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Saturday, October 04, 2003

Cheney's office and the weak intelligence evidence

I apologize for helping to spread the "false, unsubstantiated accusations" that Lewis Libby leaked Valerie Plame's name in July. Scott McClellan (as reported by ABC) says the man known as "Scooter" was not the source of the information -- and that Libby doesn't know the identity of the leaker. And he does not condone the leak.

I'll let you know if the White House denies that Libby (and Cheney) went to CIA to pressure agents into "sexing up" the intelligence (to use a phrase the British have used on this story).

Actually, they probably have denied this -- but that doesn't mean they didn't apply pressure. Heck, there's even evidence that the neocon cabal pressured the less-hawkish members of the Bush administration. Even Colin Powell.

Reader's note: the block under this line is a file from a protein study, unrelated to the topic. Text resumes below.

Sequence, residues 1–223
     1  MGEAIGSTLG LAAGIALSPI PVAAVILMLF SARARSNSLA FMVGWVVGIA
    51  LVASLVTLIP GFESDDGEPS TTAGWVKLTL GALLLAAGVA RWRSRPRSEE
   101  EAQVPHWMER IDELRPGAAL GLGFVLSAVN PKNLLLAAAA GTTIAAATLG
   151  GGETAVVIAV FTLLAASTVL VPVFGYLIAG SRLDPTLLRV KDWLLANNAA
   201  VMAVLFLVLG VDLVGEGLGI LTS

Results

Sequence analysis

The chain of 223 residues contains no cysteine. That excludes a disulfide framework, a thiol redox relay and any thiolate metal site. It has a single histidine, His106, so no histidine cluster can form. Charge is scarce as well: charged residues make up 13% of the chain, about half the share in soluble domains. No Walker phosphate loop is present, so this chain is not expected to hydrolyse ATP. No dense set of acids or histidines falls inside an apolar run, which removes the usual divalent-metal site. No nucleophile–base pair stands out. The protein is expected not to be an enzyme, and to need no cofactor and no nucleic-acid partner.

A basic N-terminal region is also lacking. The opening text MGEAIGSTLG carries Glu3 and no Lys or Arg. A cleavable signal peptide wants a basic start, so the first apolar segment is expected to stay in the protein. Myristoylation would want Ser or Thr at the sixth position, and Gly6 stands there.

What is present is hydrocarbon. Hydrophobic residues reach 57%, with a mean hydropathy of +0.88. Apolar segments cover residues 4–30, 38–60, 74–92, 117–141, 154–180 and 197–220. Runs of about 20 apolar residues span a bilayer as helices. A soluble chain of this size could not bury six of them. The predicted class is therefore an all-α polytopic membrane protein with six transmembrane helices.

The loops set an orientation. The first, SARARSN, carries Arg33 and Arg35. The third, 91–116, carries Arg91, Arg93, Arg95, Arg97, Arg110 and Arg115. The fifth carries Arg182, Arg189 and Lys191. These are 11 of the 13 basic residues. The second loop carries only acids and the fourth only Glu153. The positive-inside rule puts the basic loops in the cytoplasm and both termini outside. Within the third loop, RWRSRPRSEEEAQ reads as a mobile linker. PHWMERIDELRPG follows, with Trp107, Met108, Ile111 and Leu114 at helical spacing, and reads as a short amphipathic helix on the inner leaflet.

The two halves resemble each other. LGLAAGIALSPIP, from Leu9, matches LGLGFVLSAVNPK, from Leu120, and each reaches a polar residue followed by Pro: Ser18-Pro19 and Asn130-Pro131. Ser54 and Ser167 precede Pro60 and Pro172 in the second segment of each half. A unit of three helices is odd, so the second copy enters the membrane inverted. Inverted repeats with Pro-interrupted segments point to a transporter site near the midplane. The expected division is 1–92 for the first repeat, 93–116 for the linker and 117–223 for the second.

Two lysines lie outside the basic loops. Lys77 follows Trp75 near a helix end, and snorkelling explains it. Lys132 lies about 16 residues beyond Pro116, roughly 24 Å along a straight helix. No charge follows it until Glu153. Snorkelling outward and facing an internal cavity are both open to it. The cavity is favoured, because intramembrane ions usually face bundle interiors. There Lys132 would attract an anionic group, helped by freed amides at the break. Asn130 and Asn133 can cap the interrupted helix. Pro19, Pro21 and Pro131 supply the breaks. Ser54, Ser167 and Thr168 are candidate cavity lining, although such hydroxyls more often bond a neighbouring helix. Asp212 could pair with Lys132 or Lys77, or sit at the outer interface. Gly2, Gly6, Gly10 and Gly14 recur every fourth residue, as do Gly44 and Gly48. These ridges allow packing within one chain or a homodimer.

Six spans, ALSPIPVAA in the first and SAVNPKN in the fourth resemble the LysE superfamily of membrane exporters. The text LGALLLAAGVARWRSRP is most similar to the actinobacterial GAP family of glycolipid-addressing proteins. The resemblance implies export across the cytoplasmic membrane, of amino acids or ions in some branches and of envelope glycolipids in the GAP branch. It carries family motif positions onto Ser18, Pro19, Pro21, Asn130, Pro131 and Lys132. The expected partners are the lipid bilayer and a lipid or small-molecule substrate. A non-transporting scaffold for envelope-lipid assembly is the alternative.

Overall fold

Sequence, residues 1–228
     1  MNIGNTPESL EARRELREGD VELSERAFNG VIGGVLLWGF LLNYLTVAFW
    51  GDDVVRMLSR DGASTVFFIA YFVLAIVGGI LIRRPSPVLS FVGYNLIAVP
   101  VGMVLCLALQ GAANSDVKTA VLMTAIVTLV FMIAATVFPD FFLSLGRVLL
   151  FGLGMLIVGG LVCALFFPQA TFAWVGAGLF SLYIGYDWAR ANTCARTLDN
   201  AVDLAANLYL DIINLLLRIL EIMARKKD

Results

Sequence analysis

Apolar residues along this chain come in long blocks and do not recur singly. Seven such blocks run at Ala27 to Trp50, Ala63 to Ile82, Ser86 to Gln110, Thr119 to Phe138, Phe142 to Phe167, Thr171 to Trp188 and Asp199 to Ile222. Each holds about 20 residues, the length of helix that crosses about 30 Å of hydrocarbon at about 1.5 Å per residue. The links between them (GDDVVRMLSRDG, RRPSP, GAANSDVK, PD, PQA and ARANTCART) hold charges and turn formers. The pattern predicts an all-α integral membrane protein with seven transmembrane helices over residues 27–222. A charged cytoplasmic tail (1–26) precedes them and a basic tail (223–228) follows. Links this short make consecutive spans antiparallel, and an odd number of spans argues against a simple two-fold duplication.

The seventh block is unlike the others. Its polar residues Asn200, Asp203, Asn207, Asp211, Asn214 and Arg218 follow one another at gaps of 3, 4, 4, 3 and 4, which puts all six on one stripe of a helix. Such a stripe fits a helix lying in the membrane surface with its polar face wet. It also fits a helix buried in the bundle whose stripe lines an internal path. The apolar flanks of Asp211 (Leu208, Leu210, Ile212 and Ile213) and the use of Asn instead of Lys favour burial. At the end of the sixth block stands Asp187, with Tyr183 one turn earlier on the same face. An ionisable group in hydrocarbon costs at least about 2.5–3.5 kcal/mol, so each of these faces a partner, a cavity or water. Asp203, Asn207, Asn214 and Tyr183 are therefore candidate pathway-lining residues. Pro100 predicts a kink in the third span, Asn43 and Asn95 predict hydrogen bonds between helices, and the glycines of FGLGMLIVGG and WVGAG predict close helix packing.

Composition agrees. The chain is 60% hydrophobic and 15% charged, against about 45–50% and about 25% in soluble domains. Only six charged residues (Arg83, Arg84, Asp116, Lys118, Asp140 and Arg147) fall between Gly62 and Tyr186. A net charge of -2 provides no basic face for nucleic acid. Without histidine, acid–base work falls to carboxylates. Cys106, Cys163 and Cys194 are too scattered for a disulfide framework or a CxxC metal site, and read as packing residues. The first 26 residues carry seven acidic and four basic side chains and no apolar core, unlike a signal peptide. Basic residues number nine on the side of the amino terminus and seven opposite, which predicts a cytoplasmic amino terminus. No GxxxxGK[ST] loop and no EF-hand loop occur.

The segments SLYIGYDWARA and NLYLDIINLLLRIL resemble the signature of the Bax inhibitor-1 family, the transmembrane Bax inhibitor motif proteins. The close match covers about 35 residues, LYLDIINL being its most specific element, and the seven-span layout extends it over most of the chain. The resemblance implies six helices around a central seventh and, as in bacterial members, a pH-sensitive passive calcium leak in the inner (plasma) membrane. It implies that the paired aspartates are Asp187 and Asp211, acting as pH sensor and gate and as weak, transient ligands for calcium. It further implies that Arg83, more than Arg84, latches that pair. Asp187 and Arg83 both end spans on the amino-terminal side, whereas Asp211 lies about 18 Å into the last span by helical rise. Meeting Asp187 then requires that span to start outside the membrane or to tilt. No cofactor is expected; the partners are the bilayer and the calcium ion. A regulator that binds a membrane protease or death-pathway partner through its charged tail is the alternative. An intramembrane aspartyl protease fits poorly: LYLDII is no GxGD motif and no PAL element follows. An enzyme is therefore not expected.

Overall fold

Go back to news reports from late June and early July to recall the roots of the Plame affair. I think I missed this Jim Lobe story the first time that included these supposed quotes from Colin Powell:
[The London Guardian] quotes Powell, whose forceful case to the council was decisive in persuading US public opinion that Baghdad represented a serious threat, as being "apprehensive" about the evidence presented to him by the intelligence agencies. He reportedly expressed the hope that the actual facts, when they came out, would not "explode in their faces".

US News reported, for example, that during a rehearsal of Powell's presentation at Central Intelligence Agency (CIA) headquarters on February 1, the normally mild-mannered retired general at one point "tossed several pages in the air. 'I'm not reading this', he declared. 'This is bullshit'."

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